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I present you with a list of resources and tutorials I wish I had when I first started to feed my curiosity about becoming a game developer.

Easy Game Dev Tools For Aspiring Developers

I present you with a list of resources and tutorials I wish I had when I first started to feed my curiosity about becoming a game developer.
This article is over 7 years old and may contain outdated information

So, you wanna make games but you don’t know where to start? I was in the same position as you not too long ago. I had all the motivation, but none of the direction. After months of testing different game engines, scouring the web for tutorials, and hunting down assets to use in my games, I’ve found some pretty awesome tools that make the development process much easier when you’re first starting out. So I can help you save some time by sharing my discoveries.

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But first, you have to start from the right frame of mind

Designing and developing games can be hard, and not everyone is cut out to do it. One of the most important tools to have in your dev toolbox is the drive and desire to start a project and see it through to the end. By having this drive and resolve, you’re already on the path to becoming a game dev.

Something I found particularly useful when I was first starting to come up with my own game ideas was the fact that not all my ideas were good ones. In fact, the folks at Extra Credits made a great video that sums up the fact that it’s good to fail and we should strive to fail faster.

Deciding on a game engine

Once you have an idea of the kind of games you’re interested in making, you’ll need to pick an engine. So how do you pick from all of the options out there? Well, a lot if it comes down to the kinds of games you’re interested in making, your knowledge of programming and designing, and how much time you’re willing to invest.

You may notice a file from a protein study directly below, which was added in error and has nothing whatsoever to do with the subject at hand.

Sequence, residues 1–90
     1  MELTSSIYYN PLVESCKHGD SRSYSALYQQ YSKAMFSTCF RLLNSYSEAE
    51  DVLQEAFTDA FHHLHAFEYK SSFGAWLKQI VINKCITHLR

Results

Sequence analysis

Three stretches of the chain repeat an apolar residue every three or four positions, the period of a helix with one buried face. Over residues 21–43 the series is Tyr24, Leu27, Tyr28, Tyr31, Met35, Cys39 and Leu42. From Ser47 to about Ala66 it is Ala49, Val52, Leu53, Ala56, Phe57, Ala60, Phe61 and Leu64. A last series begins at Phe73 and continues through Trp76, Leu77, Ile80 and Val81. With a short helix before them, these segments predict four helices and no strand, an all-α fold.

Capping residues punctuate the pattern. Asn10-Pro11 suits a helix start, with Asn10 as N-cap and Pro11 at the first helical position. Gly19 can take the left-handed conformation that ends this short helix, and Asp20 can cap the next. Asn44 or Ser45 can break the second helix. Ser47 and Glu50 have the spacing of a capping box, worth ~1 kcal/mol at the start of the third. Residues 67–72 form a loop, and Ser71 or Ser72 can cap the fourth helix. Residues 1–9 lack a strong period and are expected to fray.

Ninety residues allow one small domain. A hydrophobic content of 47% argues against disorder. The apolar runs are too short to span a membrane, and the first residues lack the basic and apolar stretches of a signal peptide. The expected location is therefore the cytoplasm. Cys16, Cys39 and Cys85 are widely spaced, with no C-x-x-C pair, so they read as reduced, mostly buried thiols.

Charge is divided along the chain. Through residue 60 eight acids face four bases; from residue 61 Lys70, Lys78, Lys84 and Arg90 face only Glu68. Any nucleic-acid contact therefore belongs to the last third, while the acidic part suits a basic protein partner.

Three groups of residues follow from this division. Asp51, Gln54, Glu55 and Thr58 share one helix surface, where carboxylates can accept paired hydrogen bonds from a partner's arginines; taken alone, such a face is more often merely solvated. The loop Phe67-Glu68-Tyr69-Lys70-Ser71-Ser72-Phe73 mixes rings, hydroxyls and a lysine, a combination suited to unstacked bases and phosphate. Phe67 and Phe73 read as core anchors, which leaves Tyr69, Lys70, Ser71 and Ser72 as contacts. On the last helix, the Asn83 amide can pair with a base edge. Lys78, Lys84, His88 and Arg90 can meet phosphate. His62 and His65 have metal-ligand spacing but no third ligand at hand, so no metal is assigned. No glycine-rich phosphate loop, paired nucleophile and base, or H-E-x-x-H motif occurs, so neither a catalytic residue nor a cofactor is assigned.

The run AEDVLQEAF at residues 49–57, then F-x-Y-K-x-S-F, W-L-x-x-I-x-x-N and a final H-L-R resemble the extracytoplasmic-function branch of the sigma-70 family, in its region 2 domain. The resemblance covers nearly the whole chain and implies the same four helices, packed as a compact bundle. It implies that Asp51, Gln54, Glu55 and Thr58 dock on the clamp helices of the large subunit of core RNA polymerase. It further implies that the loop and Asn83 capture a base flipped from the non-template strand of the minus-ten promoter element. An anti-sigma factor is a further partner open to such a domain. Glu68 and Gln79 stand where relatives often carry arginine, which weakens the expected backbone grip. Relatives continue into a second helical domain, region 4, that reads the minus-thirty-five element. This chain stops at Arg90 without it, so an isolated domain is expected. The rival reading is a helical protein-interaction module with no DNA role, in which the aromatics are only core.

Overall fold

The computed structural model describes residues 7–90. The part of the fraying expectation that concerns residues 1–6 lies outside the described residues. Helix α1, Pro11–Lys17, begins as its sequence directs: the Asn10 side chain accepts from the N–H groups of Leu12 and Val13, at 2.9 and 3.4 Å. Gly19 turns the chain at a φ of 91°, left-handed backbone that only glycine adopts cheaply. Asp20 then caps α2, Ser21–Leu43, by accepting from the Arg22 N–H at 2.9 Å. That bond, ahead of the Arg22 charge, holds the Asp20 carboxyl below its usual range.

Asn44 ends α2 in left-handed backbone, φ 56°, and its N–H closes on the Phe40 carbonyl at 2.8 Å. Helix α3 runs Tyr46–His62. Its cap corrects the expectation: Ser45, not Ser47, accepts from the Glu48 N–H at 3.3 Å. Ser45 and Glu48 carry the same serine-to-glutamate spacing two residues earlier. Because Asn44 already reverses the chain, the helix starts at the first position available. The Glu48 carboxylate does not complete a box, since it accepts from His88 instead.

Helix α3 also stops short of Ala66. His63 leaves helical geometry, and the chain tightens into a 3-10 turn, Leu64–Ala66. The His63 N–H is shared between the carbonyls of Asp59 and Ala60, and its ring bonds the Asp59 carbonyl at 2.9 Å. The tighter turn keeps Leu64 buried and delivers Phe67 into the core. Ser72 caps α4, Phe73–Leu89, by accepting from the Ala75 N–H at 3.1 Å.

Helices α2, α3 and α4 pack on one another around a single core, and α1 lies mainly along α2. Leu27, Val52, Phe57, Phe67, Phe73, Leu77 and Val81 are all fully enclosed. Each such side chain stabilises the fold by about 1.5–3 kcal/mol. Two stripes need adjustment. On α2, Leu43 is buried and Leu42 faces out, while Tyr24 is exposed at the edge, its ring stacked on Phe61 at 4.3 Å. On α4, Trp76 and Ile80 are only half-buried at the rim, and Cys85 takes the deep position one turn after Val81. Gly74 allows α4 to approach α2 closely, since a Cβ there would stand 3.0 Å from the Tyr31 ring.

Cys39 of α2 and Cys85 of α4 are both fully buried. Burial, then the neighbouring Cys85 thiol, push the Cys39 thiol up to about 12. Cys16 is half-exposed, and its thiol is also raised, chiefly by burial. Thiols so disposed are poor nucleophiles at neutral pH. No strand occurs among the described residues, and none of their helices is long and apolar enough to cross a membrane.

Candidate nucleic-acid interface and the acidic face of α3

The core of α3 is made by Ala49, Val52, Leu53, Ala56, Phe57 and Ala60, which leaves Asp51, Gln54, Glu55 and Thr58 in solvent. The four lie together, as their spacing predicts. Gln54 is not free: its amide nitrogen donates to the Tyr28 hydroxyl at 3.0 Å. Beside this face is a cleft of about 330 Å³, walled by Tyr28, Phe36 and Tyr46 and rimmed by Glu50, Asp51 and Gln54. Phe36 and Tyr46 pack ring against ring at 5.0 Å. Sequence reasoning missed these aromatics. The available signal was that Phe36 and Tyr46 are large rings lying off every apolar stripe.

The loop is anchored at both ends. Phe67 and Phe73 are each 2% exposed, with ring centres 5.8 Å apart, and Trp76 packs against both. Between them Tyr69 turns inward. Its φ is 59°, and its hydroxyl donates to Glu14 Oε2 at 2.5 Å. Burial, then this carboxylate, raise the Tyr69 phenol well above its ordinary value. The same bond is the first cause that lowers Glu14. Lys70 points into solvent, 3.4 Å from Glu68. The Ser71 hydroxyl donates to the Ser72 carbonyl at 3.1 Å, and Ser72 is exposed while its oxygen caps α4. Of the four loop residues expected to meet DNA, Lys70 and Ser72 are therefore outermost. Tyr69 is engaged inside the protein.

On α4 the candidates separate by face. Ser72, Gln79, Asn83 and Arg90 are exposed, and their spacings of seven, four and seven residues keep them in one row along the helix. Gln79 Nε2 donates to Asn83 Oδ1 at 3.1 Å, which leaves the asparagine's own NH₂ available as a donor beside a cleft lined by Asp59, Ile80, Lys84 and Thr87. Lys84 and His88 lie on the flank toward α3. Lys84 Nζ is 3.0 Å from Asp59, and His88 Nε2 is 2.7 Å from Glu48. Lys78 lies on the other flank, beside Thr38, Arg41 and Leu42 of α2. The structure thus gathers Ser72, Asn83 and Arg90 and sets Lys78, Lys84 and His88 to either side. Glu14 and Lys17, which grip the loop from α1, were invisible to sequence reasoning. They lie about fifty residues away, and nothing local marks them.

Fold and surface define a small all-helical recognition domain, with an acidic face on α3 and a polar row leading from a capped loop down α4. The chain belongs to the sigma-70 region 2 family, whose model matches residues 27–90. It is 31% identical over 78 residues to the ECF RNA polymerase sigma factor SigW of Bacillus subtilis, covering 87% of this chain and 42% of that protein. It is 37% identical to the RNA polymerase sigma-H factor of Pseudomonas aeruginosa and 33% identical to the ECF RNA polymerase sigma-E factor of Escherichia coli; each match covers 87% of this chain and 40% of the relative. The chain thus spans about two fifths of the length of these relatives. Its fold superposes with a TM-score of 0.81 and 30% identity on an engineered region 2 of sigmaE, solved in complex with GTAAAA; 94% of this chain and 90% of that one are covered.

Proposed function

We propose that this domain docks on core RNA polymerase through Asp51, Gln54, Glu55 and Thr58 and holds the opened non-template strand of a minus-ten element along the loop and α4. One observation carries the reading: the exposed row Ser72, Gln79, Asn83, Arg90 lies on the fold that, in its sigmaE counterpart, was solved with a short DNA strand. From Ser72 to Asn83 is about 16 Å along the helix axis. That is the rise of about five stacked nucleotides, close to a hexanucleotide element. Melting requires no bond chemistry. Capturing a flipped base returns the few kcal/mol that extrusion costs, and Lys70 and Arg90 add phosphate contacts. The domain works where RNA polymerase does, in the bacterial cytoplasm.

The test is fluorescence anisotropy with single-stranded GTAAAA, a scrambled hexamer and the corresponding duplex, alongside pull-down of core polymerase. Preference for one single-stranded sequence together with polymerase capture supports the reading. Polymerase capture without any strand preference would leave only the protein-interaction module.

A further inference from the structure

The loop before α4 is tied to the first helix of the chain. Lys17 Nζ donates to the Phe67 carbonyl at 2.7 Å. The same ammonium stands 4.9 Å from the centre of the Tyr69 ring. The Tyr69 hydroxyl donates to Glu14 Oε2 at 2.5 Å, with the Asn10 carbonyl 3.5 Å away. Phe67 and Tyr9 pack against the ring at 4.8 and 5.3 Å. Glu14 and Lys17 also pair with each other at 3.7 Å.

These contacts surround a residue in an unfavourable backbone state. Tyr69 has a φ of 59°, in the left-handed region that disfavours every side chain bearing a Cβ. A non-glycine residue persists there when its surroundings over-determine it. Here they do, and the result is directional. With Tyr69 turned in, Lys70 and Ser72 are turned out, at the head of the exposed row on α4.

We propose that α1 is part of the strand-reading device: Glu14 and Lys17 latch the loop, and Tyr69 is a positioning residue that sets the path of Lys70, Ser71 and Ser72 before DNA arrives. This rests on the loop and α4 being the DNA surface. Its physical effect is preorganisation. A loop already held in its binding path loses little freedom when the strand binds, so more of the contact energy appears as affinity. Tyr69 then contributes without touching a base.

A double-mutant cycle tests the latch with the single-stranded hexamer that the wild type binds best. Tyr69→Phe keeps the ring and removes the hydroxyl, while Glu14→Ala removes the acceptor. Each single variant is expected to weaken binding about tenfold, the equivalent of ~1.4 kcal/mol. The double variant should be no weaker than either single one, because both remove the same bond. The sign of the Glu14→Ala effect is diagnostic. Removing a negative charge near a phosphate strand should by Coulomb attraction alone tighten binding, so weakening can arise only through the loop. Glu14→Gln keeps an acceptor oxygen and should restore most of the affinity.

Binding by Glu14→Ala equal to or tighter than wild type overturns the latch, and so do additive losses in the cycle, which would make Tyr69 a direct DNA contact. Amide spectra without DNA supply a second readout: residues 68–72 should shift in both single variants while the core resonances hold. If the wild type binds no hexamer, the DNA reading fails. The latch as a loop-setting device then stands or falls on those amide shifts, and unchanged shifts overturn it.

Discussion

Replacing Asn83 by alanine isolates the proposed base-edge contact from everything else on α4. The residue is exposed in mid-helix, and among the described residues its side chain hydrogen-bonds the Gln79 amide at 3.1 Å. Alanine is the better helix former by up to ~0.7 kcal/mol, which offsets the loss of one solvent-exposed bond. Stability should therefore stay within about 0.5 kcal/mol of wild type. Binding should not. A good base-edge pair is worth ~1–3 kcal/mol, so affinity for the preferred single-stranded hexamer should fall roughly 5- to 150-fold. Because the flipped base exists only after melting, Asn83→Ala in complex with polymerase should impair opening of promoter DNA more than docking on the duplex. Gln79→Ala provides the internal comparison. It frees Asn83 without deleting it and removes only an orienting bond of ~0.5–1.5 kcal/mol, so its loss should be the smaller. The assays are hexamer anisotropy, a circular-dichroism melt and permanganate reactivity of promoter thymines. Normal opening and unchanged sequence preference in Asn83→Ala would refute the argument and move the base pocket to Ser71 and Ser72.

Top 4 game engines

If you’re coming from a programming background then a more robust engine like Unity or Unreal will likely be more your speed. If you want a more in-depth analysis of those options you can read my previous article where I talk about the pros and cons of those engines. These are going to be time-consuming engines to work with due to the sheer amount of capabilities they have. But if you’re going for that AAA look and feel in your games, you can’t beat these engines.

Let’s say you have little to no programming experience and you’re just looking to make a simple game, like a platformer. If that sounds appealing to you, then I would suggest looking at either GameMaker: Studio or Construct 2. Both of these game engines can make use of simple logic to build the functionality of their games. I have personally built a simple Asteroids game clone in GameMaker using their scripting language (which is quite similar to JavaScript) in roughly 4 hours, just by following simple tutorials found online.

GameMaker: Studio user interface

The beauty of these simple engines is that it allows anyone, regardless of programming knowledge, to take an idea and turn it into a game. Couple that with their robust and fairly active communities, and you have a wealth of information to help you along your way.

These are by no means your only option for developing games. There are literally dozens (if not hundreds) of game engines out there, but these are ones that I’ve personally tried and have an understanding of.

Tutorials and resources

Now that we have our idea and hopefully an engine to help us reach our goal, we turn to learning to make our idea more than just a collection of thoughts.